Ambassador Mutlaq al-Qahtani, the Foreign Minister’s Special Envoy on Counter-terrorism and Mediation for Settling Conflicts said the dispute was driven by Saudi and Emirati hypocrisy.
HE the Ambassador said in an opinion piece for the Wall Street Journal entitled ‘Qatar Will Not Be Intimidated’,: “If Saudi Arabia and the United Arab Emirates, the countries driving the confrontation, despite the appearance of a unified bloc hoped to bring Qatar to its knees, they have failed. If they hoped to damage Qatar’s reputation and improve their own, they have failed. If they hoped to enhance their relationship with the US at Qatar’s expense, again, they have failed.
“Instead, the anti-Qatar smear campaign has put a spotlight on the shameful history and unsavory practices of the Saudis and Emiratis themselves. Saudi Arabia justifies the blockade by alleging that Qatari authorities support extremists and terrorist organisations. But the accusation only reminds observers that the Saudis have consistently failed to prevent the radicalisation of their citizens.”
The ambassador highlighted that 15 of the 19 hijackers in the 9/11 attacks were Saudis and thousands of Saudi citizens have taken up arms to join Islamic State and other radical groups. “In addition to the fact that Saudi textbooks are used in ISIS schools. Saudi citizens also finance a large number of the 50 groups designated by the US Department of State as terrorist organisations.”
With regard to the UAE, al-Qahtani said that country has taken a similarly hypocritical stance.
“While the UAE falsely portrays itself as America’s best ally in the region, its track record is no better than Saudi Arabia’s. Two Emiratis participated in the September 11 hijackings, and the staff report to the 9/11 Commission revealed that much of the funding for the attacks flowed through the UAE, which was a world hub for money laundering.”
He noted that UAE has also tried to curb a basic right of all, freedom of speech and press just as equally as Saudi Arabia. “In 2014 authorities arrested a man for plotting a terrorist attack on a Formula One racetrack in Abu Dhabi. But the Emirates prohibited international media outlets from reporting on the trial. The UAE’s recent clampdown on free speech has been widely condemned, especially after the country’s Justice Ministry said in June that supporting Qatar on social media could be punishable by fines and even prison time.”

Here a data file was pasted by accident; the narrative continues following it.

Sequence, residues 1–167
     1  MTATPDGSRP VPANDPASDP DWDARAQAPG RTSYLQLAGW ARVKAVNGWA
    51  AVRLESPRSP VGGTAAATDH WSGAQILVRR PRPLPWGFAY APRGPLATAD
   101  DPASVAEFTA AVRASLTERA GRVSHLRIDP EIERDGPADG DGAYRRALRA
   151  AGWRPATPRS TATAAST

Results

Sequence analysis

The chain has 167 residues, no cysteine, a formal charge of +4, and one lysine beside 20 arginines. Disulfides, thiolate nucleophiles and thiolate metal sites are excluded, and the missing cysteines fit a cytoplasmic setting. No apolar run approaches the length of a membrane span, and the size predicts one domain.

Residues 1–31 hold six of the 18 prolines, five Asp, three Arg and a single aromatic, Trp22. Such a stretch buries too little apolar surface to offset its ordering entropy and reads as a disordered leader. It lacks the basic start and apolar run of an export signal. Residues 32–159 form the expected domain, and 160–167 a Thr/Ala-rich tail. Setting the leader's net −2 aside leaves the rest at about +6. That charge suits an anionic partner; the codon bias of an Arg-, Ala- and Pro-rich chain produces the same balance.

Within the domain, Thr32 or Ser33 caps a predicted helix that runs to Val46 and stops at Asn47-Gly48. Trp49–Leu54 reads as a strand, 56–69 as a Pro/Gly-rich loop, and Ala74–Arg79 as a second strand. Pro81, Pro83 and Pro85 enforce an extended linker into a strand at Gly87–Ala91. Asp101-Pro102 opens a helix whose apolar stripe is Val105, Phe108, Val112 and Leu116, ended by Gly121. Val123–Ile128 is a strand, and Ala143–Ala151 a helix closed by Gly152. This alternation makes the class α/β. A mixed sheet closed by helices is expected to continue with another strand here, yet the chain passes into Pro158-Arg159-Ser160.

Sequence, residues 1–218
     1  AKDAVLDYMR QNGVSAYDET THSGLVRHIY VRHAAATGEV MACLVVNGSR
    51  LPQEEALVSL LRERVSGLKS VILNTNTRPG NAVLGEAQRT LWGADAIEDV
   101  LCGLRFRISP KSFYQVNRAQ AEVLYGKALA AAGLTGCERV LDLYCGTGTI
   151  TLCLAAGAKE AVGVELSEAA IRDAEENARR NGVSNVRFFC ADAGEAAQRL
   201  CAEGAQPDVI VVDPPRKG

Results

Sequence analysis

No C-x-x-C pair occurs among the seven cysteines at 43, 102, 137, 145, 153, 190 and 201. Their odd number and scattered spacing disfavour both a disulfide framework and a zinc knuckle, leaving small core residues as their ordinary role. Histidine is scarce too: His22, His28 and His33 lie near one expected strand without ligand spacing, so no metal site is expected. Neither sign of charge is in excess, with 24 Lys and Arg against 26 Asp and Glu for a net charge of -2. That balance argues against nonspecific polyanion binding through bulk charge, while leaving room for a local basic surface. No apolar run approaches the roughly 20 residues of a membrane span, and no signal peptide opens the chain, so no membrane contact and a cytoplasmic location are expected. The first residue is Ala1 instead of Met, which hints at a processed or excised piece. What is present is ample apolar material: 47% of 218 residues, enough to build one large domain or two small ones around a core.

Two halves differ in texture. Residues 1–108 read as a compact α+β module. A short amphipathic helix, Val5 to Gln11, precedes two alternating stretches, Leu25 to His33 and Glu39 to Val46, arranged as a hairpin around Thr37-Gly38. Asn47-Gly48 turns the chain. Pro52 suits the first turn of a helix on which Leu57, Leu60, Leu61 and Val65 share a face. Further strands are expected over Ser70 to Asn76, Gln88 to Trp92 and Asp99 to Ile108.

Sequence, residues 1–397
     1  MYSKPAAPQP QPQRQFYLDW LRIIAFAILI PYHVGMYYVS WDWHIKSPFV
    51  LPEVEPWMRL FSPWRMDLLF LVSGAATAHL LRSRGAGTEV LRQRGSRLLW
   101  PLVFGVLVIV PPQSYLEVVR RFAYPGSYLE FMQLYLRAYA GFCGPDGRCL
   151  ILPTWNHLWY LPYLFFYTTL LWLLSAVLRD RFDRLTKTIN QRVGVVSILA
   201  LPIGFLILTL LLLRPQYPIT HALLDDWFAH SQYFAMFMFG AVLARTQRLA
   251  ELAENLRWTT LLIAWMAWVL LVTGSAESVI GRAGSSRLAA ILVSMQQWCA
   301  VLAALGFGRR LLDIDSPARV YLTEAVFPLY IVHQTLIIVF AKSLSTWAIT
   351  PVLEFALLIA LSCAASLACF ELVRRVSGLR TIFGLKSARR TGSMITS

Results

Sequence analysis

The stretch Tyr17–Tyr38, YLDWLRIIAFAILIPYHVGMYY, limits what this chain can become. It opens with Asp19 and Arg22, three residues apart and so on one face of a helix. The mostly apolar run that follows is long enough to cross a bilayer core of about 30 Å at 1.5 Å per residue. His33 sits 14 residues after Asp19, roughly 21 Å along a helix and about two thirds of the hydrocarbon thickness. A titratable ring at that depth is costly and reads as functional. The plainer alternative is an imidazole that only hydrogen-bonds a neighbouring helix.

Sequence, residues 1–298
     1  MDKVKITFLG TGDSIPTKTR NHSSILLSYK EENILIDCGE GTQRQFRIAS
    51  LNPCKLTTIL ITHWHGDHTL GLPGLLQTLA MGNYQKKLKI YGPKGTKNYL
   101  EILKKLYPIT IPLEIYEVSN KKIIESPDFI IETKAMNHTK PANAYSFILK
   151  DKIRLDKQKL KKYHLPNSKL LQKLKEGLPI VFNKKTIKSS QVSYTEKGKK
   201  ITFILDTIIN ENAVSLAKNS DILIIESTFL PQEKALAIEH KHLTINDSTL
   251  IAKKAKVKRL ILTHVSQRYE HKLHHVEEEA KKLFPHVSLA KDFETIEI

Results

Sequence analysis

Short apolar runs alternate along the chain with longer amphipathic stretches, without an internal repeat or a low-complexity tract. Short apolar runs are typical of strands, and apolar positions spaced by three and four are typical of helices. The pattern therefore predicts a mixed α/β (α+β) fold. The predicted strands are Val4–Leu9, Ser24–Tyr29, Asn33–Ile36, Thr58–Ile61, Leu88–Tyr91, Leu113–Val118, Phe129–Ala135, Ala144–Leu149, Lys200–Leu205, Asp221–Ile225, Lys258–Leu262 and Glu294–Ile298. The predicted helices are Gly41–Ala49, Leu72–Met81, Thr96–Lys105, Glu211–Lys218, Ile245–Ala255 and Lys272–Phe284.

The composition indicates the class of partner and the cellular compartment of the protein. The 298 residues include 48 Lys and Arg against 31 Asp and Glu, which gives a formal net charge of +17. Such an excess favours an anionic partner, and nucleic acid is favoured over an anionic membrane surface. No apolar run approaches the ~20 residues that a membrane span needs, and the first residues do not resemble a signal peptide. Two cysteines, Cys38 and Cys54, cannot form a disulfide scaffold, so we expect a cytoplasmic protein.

The official emphasized leaked e-mails showed that Emirati officials were cahoots with a variety of interest groups and lobbyists on a campaign to defamation Qatar even before the blockade was imposed. “Now intelligence experts and Qatar‘s cyber security services have identified the UAE as the perpetrator of the hacking of Qatar News Agency, which set the entire Gulf crisis in motion.
“Surely this kind of publicity can’t be what the Saudis and Emiratis hoped for when they instigated this crisis. Yet the longer the blockade goes on, the more damaging information the world will learn about them and the more difficult it will be to resolve their differences with Qatar.
“It’s time to abandon the public-relations campaigns, the blockade, the ultimatums and the pressure tactics and meet at the negotiating table, so we can broker a fair and just resolution to the Gulf crisis,” the ambassador added.